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Last Updated: Monday, 26 February 2007, 01:28 GMT
School selection comes under fire
Taking a test
Schools should have a mixed-ability intake, says think tank
State schools should not control their own admissions because it increases the risk of cherry-picking of bright pupils, says an influential think-tank.

The Institute for Public Policy Research (IPPR) says allowing some schools to run admissions increases social segregation.

It says it would be fairer if local authorities ran all admissions, and all intakes were of mixed ability.

The government said schools should have an element of freedom on admissions.

City academies and some faith schools can administer admissions, within rules designed to stop selection.

IPPR director Nick Pearce said: "At the moment, schools that control their own admission arrangements are selecting their pupils, and our classrooms are more socially segregated than the local communities outside the school gates."


The IPPR wants local authorities to run admissions for all state secondary schools and says the allocation of places should be by "fair banding", under which intakes contain pupils across a range of different abilities.

This would mean a shared admissions system across a large number of schools.

The think-tank says that schools that act as their own admissions authorities are less representative of the social and ability mix of their local areas.

Although there are rules to stop schools selecting, it says that administering their own admissions lets schools operate a form of covert selection - allowing popular, oversubscribed schools to draw a more affluent intake.

It says its research shows that faith schools that operate within local education admissions systems are more representative of their neighbourhoods than those that run their own admissions.

It argues that faith schools should continue to give priority to children from their own religious community, but alongside fair banding.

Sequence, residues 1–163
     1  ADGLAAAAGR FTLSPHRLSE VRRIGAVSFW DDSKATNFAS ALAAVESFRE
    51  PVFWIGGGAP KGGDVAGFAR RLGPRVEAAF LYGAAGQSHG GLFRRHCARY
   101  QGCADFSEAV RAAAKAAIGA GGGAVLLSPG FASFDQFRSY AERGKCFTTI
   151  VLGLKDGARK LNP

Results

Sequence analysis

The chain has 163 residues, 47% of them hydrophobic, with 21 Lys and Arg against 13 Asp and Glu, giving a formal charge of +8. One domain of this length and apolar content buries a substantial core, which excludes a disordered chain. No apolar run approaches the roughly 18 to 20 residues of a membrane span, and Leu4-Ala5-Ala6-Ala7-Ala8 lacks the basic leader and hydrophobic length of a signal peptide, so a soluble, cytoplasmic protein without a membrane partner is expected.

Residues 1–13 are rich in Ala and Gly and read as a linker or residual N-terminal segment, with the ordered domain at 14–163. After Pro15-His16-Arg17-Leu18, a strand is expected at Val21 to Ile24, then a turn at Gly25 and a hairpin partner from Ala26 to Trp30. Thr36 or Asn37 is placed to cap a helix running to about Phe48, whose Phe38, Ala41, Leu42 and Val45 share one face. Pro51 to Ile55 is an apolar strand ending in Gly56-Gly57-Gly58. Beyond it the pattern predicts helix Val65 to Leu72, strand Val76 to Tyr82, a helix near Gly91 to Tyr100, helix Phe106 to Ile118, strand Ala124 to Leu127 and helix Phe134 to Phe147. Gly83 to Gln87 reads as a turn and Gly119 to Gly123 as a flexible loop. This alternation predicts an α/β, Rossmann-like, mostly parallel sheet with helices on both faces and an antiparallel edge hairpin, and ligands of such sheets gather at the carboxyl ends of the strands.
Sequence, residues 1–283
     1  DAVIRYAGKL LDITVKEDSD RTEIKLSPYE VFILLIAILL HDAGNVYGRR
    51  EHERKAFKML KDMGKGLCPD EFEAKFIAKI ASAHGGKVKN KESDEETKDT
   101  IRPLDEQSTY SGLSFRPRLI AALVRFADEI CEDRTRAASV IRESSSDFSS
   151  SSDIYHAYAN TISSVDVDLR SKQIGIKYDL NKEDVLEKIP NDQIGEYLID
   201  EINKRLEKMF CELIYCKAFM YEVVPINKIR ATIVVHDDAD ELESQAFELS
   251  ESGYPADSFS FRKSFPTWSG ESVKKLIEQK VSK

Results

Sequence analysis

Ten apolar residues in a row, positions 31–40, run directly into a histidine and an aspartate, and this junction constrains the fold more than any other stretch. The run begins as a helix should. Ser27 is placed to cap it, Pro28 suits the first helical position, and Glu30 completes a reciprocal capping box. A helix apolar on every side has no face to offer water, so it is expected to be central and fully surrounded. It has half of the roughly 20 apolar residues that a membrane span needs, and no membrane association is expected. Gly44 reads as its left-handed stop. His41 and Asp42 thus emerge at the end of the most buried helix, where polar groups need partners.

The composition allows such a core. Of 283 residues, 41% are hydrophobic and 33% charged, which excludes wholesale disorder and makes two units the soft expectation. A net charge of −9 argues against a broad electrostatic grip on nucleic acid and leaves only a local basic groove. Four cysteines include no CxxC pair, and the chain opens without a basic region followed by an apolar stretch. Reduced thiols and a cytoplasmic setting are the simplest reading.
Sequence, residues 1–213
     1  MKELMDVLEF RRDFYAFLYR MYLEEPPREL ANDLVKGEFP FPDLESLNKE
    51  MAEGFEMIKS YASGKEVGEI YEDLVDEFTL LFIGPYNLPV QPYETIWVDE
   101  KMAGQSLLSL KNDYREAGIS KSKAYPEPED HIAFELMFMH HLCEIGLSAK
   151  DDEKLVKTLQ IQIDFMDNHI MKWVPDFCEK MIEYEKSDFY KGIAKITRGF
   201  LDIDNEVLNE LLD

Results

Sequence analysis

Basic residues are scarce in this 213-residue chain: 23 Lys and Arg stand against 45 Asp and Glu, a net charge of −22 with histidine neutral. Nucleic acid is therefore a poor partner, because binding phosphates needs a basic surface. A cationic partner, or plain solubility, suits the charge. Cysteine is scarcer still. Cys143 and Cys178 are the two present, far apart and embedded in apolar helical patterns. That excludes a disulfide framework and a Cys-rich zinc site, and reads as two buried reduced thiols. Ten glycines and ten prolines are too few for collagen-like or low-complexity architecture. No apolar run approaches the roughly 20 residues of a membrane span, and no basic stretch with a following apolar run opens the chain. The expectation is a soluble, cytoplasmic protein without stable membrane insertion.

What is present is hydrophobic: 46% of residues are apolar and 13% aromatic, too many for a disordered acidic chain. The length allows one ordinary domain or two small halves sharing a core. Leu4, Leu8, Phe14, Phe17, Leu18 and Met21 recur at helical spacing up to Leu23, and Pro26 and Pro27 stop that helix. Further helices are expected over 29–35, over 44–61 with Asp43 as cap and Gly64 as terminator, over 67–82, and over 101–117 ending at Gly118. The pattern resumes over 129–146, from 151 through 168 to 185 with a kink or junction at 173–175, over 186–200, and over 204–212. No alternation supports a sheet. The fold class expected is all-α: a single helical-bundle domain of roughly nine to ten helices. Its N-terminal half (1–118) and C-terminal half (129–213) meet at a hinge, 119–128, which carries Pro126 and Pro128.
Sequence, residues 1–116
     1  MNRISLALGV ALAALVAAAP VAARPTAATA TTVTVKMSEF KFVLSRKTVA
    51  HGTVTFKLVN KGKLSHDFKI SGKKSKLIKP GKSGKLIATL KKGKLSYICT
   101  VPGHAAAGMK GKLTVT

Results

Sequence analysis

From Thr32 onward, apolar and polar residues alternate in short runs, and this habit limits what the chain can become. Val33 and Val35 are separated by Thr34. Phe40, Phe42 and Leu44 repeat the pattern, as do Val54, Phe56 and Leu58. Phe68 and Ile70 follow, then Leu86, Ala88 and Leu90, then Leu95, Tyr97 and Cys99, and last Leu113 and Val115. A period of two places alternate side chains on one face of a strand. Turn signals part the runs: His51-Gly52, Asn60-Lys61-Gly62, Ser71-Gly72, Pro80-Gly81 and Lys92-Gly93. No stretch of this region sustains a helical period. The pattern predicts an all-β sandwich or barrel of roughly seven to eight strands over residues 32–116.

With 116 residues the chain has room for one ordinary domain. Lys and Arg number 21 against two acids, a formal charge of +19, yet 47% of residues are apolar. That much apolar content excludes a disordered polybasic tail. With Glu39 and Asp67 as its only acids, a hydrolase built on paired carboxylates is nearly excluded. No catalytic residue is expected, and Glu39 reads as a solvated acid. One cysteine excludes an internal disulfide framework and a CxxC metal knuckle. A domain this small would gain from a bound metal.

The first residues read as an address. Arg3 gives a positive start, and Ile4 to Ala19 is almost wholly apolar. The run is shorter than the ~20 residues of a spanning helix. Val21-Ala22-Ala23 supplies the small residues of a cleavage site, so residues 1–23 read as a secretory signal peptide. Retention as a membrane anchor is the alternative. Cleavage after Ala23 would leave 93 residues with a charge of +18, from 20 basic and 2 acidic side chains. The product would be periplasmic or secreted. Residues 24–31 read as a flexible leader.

Mr Pearce queried the value of a re-written admissions code, which was designed to restrict schools' ability to select pupils.

"The reforms are welcome but the new system is like asking pupils to mark their own essays, while providing them with detailed rules designed to prevent them from cheating," he said.

"Unless the newly strengthened admissions code significantly reduces current levels of segregation, schools should stop being their own admissions authorities.

"Local authorities should allocate places and in the long term, every local authority should move towards a system of 'area-wide fair banding'."

Schools Minister Lord Adonis rejected that idea, saying that the new admissions rules would stop the cherry-picking.

"We agree that ability banding can be an effective way of widening access but we're not going to prescribe that all schools must use it," he said.

"Schools should have the power and freedom to set their own admissions policies according to local needs."

Liberal Democrat education spokeswoman Sarah Teather said the "important and timely report" supported the party's argument that giving schools complete control over their own admissions was "a terrible idea".

"It's extremely embarrassing for a New Labour think tank to criticise the prime minister's flagship policy in this way," she said.

"Schools want freedom from government interference, but freedom to set their curriculum and choose how they teach is more important than the power to weed out less desirable pupils."

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